DREAM A DEEPER DREAM: A how-to conversation with cartoonist RICK VEITCH by Jay Babcock (Arthur, 2013)

Originally published in Arthur No. 33 (January 2013)

Accompanied in print by “Cartographer of the American Dreamtime,” a tribute to Rick Veitch by Alan Moore

The Universe, the Planet, This One Spot

A conversation with dreamer/cartoonist Rick Veitch

by Jay Babcock

Born in 1951 in Bellow Falls, Vermont, Rick Veitch experienced the psychedelic late 1960s as a teenager. After overcoming some profound self-inflicted difficulties as a young adult in the early ‘70s—detailed in the following Q & A—he got serious about becoming a professional cartoonist. He succeeded. In the last three decades, Veitch has navigated the comics industry’s ups and downs while creating a singular, deeply weird and challenging body of work: sometimes raw, rough and outrageous in an old-school underground comix way, but more often clever and fantastically imaginative, with moments of startling cosmic beauty. My personal Rick Veitch highest highlights are his visionary run as Alan Moore’s handpicked writer-artist successor on Swamp Thing in the ‘80s; The One, his deeply anti-superhero comics series, somehow published by a Marvel Comics subdivision, that in a better world would have been the final word on the superhero concept; and Can’t Get No, a daring, dialogue-less graphic novel drawn in landscape format that builds from the story of corporate drone’s post-9/11 roadtrip into something truly poignant and profound. (Not for nothing did Fug/poet/historian Ed Sanders himself salute that work with a rare blurb—as did Neil Gaiman.)

Rick Veitch’s most unlikely and enduring triumph, though, has got to be Roarin’ Rick’s Rare Bit Fiends, a black-and-white comic book series he self-published under his King Hell imprint for 22 issues starting in 1994. Rare Bit featured no continuing characters or stories—its entire subject matter, issue after issue, was Veitch presenting his dreams in comics narrative form. It was a remarkable run that continued to resonate long after it finished, due to its enduring, mysterious subject matter.

A few winters ago, suffering from two decades of persistent, distressing nightmares, I visited Roarin’ Rick in his rural Vermont home. Here is our after-lunch conversation.

Arthur: So Rick, when did you start dreaming?

Rick Veitch: [laughter] From the time I was a little kid I was a big dreamer. There were normal everyday dreams but then were these big dreams that seemed like movies. I think that my fascination with dreaming was kicked off by a series of recurring nightmares. I would wake up in sheer terror from this recurring dream of a little girl trying to pick a flower below a skyscraper that was being built, and something happens, and the whole skyscraper starts collapsing. The girders start landing around the little girl, and the sound is COSMIC. I dreaded that dream. I had it again and again and again. I credit it with making me pay attention to my dreams.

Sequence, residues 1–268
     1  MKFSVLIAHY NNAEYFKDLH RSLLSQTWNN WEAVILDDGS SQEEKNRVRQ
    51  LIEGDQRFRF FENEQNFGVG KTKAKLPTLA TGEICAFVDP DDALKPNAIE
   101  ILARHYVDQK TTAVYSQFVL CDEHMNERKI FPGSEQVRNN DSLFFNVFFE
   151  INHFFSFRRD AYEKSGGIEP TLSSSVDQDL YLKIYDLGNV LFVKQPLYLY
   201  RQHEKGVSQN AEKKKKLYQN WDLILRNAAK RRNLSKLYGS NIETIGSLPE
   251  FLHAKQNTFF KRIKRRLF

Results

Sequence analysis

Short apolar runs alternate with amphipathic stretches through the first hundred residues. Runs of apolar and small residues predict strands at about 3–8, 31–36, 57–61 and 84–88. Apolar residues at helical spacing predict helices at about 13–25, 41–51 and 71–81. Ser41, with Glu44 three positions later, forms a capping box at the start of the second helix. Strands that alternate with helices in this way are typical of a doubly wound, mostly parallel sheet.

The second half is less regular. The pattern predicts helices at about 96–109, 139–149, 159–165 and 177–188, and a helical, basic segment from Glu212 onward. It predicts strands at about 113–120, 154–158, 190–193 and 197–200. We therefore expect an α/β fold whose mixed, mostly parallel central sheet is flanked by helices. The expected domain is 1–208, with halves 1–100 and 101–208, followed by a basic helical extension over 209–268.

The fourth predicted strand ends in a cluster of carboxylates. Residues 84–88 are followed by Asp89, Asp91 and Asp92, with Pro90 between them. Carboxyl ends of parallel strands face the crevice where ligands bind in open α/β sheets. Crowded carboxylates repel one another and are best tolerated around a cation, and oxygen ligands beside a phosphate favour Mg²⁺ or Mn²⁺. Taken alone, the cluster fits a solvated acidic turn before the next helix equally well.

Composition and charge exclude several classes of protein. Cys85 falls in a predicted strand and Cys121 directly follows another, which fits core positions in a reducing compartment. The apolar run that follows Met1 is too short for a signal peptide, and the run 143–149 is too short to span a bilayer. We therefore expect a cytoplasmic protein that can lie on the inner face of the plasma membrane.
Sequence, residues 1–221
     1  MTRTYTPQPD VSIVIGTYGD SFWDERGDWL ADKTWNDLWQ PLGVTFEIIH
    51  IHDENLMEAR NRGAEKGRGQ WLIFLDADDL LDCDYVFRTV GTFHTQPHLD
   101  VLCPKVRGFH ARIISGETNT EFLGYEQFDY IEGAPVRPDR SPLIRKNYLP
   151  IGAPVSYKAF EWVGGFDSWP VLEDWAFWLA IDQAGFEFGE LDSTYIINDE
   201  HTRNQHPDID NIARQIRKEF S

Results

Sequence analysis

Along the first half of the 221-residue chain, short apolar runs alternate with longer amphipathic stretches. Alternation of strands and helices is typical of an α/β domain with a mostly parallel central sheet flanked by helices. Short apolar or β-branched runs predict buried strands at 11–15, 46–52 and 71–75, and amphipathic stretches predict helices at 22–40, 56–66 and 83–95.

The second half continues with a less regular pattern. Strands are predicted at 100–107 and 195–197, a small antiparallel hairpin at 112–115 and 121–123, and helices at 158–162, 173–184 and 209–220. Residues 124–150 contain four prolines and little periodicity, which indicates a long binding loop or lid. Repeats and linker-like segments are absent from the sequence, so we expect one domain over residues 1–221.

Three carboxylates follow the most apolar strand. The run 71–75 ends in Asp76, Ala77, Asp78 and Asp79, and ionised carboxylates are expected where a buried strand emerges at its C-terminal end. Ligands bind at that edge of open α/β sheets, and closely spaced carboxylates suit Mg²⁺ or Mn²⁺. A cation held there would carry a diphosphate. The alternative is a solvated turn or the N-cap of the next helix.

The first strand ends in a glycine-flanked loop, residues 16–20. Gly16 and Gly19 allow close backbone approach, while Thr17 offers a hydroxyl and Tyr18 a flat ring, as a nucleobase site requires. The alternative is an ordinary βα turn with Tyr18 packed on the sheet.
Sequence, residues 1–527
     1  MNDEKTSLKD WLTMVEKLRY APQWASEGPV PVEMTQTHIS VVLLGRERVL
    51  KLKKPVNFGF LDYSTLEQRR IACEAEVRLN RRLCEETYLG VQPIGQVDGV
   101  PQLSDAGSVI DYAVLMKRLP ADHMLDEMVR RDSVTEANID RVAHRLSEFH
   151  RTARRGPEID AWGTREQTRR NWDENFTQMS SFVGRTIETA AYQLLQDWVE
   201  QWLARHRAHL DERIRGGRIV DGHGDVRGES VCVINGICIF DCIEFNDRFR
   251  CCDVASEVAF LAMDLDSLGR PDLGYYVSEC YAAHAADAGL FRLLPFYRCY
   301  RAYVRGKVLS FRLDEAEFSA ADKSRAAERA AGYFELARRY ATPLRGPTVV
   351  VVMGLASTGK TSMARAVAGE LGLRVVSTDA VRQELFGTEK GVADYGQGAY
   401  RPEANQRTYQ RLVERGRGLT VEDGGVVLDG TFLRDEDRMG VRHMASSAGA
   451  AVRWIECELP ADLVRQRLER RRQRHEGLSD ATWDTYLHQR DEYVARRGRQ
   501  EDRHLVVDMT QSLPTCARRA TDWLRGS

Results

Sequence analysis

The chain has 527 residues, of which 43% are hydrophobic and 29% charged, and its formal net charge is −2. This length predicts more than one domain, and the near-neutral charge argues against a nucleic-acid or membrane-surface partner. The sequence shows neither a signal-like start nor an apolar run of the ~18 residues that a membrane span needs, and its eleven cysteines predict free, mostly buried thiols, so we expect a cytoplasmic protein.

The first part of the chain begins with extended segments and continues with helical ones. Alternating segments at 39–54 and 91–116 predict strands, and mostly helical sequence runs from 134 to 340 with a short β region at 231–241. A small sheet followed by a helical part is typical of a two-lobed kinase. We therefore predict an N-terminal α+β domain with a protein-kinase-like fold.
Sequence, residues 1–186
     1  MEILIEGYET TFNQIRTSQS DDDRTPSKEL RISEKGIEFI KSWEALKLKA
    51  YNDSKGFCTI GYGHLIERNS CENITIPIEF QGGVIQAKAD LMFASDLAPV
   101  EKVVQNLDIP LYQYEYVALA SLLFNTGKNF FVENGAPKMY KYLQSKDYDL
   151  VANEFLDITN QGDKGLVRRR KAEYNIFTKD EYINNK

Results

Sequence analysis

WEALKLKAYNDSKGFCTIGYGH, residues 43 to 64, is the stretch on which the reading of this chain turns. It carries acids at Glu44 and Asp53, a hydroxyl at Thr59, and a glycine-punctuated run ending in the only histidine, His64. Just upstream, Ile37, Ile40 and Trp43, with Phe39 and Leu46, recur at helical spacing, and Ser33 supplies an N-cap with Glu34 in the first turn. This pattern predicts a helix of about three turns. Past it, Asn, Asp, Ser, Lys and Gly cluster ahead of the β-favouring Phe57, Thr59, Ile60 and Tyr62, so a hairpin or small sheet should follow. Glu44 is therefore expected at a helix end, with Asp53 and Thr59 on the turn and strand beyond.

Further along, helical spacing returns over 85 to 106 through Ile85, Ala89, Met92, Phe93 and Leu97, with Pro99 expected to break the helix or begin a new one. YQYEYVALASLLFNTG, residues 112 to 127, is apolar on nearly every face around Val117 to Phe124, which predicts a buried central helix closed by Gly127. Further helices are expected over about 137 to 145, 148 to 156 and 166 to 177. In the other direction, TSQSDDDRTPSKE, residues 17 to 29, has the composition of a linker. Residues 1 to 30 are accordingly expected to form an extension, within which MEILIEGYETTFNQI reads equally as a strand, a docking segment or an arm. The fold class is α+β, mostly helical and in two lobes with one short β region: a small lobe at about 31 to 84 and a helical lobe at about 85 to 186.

Arthur: Did your parents know what was going on with your recurring nightmares, terror?

Not really. I grew up in an odd situation. We were a big Catholic family, I was the fourth kid. My parents had sort of ran out of gas running herd on my older siblings. So I pretty much did what I wanted, with not a lot of input from my folks.

I paid attention to dreams in general, just because this terrifying experience kept coming back. I think that’s how nightmares work. They want you to pay attention. That’s what they’re saying: Pay attention to what this phenomenon of dreaming is.

My older brother, Tom Veitch, who also writes comics and is well known as a poet, had an early interest in dreams and spirituality too. He was ten years older than me. We grew up very differently. He grew up with a normal family, while our folks were still paying attention. I grew up when no one was paying attention anymore. By the time I started becoming aware, he was out of the house already, living in New York, so it isn’t like I saw him a lot, but when I did, I would learn interesting things about the culture, about art, and about dreaming. I was telling him some of my big dreams. He was interested in them. And from listening to him I began to understand that there was a system to analyze the symbolism of dreams, that dreams WERE symbols. 

Was there a turning point when you started to pay serious attention to your dreams?

When I was about 20 years old, I went through a personal crisis. I had just sort of ran my life into the ground as 20-year-olds tend to do. I went into a deep depression. I couldn’t even get out of bed in the morning, that’s how bad it was. And in those days you didn’t go to a psychologist. You just sort of suffered these things. And somebody gave me a copy of The Portable Jung, a big fat paperback that collects a lot of Jung’s writings. I read the whole damn thing, kind of obsessively. I didn’t really understand it, but I went through the whole 700-page thing and began to see correlations in the dreams I was having, which were apocalyptic. That’s what was going on with me at the time. I couldn’t get out of bed. But at night my dreams were just unbelievably strong, really vivid. I began to sense that they were trying to direct me to heal myself. I can’t say I sensed all this consciously, but unconsciously, through the assimilation of all of Jung’s writings and the focus on the dreams themselves, I began to see a way out of my depression. And it worked.